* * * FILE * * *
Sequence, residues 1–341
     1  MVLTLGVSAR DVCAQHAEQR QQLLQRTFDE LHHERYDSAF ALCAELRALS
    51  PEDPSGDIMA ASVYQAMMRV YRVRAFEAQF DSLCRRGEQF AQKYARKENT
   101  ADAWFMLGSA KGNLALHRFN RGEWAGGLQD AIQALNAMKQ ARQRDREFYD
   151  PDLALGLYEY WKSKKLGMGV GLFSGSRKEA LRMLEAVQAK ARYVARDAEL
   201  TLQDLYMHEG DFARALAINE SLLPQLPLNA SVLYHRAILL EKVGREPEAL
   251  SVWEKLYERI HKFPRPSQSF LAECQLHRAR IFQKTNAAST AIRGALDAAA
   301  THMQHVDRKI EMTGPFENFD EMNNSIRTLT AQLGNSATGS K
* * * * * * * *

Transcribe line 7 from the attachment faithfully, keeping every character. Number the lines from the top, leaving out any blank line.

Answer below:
   251  SVWEKLYERI HKFPRPSQSF LAECQLHRAR IFQKTNAAST AIRGALDAAA